Sunday, February 10, 2008

finding your way back home

A report in press from Current Biology gives the first evidence that birds (in this case Reed Warblers) are able to migrate by both latitude and longitude – something called bicoordinate navigation. Determination of latitude is reasonably easy, as orientation can be performed using either stellar or magnetic clues; but longitudinal orientation requires input of ‘time’ in some form.

Using Reed Warblers, as they are night time migrants and thus do not rely on visual clues, researches caught and displaced birds on spring migration from Rybachy to Zyenigorod (1000km east). Transporting the birds by air and mapping both geomagnetic field intensity and inclination (parameters of the earth’s magnetic field) they were able to show via caged experiments that the birds were able to orientate themselves onto a course that would take them back to their original destination; and they would not just follow a similar bearing to the one they were taken from i.e. on a course parallel to their previous movement.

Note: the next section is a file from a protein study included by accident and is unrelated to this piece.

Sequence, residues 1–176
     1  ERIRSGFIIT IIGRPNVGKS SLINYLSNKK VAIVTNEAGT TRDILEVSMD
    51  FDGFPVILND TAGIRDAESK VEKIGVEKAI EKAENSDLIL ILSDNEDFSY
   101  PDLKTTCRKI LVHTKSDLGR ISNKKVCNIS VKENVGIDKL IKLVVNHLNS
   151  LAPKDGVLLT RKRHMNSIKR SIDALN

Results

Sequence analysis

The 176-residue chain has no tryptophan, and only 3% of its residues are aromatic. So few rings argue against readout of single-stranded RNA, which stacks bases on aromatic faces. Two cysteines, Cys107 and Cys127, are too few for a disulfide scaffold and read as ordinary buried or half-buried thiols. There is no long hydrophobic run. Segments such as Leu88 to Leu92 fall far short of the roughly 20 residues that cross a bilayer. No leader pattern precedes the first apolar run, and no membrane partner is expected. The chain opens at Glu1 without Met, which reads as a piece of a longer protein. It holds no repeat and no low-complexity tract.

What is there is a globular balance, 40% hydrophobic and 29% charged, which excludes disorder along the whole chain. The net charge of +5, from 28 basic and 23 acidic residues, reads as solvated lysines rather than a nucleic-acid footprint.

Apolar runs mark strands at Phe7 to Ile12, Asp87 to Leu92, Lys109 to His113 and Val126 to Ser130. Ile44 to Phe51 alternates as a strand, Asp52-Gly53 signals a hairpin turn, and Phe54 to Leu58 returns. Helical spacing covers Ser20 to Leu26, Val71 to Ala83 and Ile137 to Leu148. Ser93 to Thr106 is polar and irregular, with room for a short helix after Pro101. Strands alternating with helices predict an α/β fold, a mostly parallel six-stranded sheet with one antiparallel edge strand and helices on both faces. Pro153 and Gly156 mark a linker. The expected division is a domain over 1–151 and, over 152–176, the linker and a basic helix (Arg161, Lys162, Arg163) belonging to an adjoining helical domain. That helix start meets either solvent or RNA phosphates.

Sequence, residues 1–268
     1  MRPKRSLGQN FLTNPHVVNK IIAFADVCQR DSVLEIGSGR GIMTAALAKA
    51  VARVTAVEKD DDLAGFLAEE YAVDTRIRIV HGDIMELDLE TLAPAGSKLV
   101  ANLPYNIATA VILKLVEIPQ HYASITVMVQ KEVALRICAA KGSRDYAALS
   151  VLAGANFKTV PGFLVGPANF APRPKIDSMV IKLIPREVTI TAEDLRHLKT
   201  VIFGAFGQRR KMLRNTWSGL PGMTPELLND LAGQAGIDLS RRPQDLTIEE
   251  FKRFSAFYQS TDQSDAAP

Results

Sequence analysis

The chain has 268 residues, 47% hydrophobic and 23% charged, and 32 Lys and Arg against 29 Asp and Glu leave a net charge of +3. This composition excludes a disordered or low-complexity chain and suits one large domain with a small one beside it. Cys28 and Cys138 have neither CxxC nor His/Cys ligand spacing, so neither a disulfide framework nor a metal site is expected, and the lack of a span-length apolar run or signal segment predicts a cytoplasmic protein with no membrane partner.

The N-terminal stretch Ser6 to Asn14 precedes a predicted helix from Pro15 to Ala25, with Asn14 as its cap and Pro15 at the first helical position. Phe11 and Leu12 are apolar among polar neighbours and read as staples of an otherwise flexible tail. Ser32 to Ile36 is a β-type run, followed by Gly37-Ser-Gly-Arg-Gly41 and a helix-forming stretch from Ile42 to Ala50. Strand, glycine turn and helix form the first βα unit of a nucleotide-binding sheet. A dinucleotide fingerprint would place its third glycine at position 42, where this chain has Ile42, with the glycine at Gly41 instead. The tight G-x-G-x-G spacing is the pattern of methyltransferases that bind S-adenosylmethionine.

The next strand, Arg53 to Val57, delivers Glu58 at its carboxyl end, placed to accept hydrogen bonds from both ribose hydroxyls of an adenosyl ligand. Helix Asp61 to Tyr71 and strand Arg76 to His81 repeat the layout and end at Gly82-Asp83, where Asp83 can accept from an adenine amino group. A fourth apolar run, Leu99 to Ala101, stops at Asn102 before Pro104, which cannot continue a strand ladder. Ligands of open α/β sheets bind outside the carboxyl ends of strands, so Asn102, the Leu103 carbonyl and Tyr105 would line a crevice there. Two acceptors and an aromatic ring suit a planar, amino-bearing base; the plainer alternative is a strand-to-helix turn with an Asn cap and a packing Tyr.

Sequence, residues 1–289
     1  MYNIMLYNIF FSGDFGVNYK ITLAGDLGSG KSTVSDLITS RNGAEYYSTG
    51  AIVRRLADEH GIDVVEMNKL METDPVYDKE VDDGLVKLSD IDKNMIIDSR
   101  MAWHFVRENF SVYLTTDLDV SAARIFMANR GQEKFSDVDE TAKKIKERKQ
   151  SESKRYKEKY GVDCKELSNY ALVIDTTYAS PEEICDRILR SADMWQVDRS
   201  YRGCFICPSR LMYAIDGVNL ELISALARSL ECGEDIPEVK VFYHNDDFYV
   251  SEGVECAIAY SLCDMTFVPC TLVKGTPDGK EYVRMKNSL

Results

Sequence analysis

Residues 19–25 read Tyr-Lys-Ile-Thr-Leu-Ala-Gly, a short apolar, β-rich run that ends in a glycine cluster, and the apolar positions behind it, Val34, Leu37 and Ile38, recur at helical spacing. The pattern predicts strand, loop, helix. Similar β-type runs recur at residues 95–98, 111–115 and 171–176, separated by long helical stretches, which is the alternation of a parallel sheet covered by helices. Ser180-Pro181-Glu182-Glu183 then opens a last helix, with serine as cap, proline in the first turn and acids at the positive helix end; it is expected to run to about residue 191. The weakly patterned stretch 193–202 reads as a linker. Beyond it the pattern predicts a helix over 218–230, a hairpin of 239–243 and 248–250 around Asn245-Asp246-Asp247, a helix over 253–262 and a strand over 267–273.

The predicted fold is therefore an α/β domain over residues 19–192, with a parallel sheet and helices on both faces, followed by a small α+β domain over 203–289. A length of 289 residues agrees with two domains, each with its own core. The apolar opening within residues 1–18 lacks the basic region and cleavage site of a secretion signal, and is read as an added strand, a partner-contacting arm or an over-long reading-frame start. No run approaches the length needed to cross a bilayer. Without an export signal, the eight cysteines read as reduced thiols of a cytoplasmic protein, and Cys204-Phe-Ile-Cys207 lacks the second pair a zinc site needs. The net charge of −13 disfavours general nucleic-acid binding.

This re-orientation in order to be able to compensate for their displacement - allowing them to reach their original destination - indicates that the birds can perceive longitude. How they do this is the next question to be answered. Currently the hypothesis rests on the suprachiasmatic nucleus (couldn’t find that in Svensson!) whereby the ventral core responds immediately to a change in time, whereas the dorsal shell lags behind. Measurement of the change between these two permits calculation of both ‘home’ and ‘away’ time permitting longitude to be calculated.

Image copyright of Steve Round:


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